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Permanent fasting increases longevity in patients with cardiac catheterization



  Constant fasting increases longevity in patients with cardiac catheterization
Although periodic fasting may sound like another diet craze, the practice of not eating and drinking for short periods of time again shows that it leads to potentially better healthy results. Credit: Intermountain Healthcare

Although periodic fasting may sound like another diet craze, the practice of not eating and drinking for short periods of time again shows that it leads to potentially better health outcomes.

In a new study by researchers at the Salt Lake City Intermontown Heart Institute for Heart Research, researchers found that patients with cardiac catheterization who practice regular periodic fasting live longer than patients who do not. In addition, the study found that patients who practice periodic fasting are less likely to be diagnosed with heart failure.

"This is another example of how we find that starvation can lead to better health outcomes and longer lives," said Benjamin Horn, Ph.D., principal investigator of the study and director of cardio- vascular and genetic epidemiology at the Intermountain Heart Health Institute.

The findings of the study will be presented at the American Heart Association's 201

9 scientific sessions in Philadelphia on Saturday, November 16, 2019.

In the study, researchers assigned 2,001 patients with intermediate careers undergoing cardiac catheterization by 2013 to 2015, a series of lifestyle issues, including whether or not they practice routine periodic fasting. The researchers then followed up these patients 4.5 years later and found that fasting had a higher survival rate than those who did not.

Because people who regularly achieve are also known to participate in other health behaviors, the study also evaluates other parameters, including demographics, socioeconomic factors, cardiac risk factors, comorbid diagnoses, medications and treatment, and other behaviors in a lifestyle such as smoking and drinking.

Statistically correcting these factors, long-term routine fasting remains a strong predictor of better survival and lower risk of heart failure, according to researchers.

The Intermonitary Health Institute for Health has the opportunity to study starvation closely, as many patients do it regularly: a significant portion of Utah's population belongs to the Church of Jesus Christ of later times. day saints, whose members usually fast on the first Sunday of the month, passing without eating or drinking for two consecutive meals, and thus do not eat for a period of about one day.

While the study does not show that starvation is the causal effect of better survival, these real results in a large population suggest that starvation can have an effect and insists on continuing the study of behavior.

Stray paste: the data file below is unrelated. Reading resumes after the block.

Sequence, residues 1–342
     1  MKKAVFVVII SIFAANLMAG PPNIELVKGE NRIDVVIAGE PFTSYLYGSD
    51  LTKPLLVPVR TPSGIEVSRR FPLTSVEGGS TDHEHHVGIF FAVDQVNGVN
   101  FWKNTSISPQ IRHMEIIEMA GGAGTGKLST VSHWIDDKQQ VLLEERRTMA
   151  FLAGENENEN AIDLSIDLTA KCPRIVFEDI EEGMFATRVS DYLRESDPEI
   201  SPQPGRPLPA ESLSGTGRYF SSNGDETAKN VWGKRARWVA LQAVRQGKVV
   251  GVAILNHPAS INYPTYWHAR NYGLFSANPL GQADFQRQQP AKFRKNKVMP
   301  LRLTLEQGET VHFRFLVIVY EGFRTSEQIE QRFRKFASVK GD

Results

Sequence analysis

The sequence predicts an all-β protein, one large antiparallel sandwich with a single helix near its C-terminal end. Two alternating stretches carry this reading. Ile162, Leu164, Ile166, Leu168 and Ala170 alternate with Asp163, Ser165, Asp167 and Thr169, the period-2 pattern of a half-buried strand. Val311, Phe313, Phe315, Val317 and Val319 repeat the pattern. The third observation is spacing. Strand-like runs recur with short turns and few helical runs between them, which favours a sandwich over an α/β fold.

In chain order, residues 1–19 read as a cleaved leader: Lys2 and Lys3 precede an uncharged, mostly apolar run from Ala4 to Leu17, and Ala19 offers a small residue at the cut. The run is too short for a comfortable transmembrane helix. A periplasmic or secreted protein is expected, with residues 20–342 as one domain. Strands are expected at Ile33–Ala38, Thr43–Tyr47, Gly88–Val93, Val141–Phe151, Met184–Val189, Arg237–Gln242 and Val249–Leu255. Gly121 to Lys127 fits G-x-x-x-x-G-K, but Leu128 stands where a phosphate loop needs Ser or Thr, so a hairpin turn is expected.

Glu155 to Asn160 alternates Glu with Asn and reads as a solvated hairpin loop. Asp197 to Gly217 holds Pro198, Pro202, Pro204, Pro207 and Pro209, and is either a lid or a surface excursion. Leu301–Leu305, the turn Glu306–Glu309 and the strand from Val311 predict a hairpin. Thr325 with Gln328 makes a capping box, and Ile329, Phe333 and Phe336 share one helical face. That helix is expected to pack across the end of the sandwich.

"While many fasting diets exist today, the various fasting goals of these diets do not need to be confused with the act of fasting in this study," said Dr. Horn. "All biological benefits mechanisms offered for starvation health arise from effects that occur during fasting or are the effects of starvation. "

Dr. Horn has previously conducted studies on the risk of diabetes and coronary disease in patients and found that percentages are lower in patients who routinely exercise periodically These studies were published in 2008 and 2012 and suggest that the development of these chronic illnesses for decades may be improved by long-term routine fasting.

Why long-term periodic starvation leads to better health outcomes it is not yet known, although Dr. Horn said it could be a number of factors: Fasting affects hemoglobin levels, red blood cell counts, human growth hormone and lowers sodium and bicarbonate levels while activating keto and autophagy – all factors that lead to better heart health and in particular reduce the risk of heart failure and coronary heart disease

"With our lower risk of heart failure consistent with previous mechanistic studies, this study suggests that routine low-frequency fasting for two-thirds of life spans activates the same biological mechanisms that offer fasting diets to activate quickly, "notes Dr. Horn.

Researchers have stated that starvation for years and even decades forces the body to activate the beneficial mechanisms of starvation after a shorter period of time than usual.

Usually, it takes about 12 hours fasting to activate the effects, but long-term routine fasting can shorten that time, so any routine

further studies continue to answer this question as well. other issues related to possible mechanisms of impact on the development of chronic disease. and survival. Further research will also look at the potential psychological effects of starvation and the potential effects on hunger appetite and perception.

The post is not for everyone. Researchers warn that pregnant and breastfeeding women should not fast, as do young children and younger adults. People who have received transplantation of organs that have a suppressed immune system are experiencing acute or severe chronic infections, and those with eating disorders should also not be reached.

People diagnosed with chronic illnesses – especially those taking medicines for diabetes, blood pressure or heart disease – should not be reached unless they are under the strict care and supervision of a doctor because of the severe adverse effects that the drugs can cause. in combination with fasting, including as hypoglycemia.


Mayo Clinical Minute: Intermediate Fasting Facts


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Permanent fasting increases longevity in patients with cardiac catheterization (2019, November 16)
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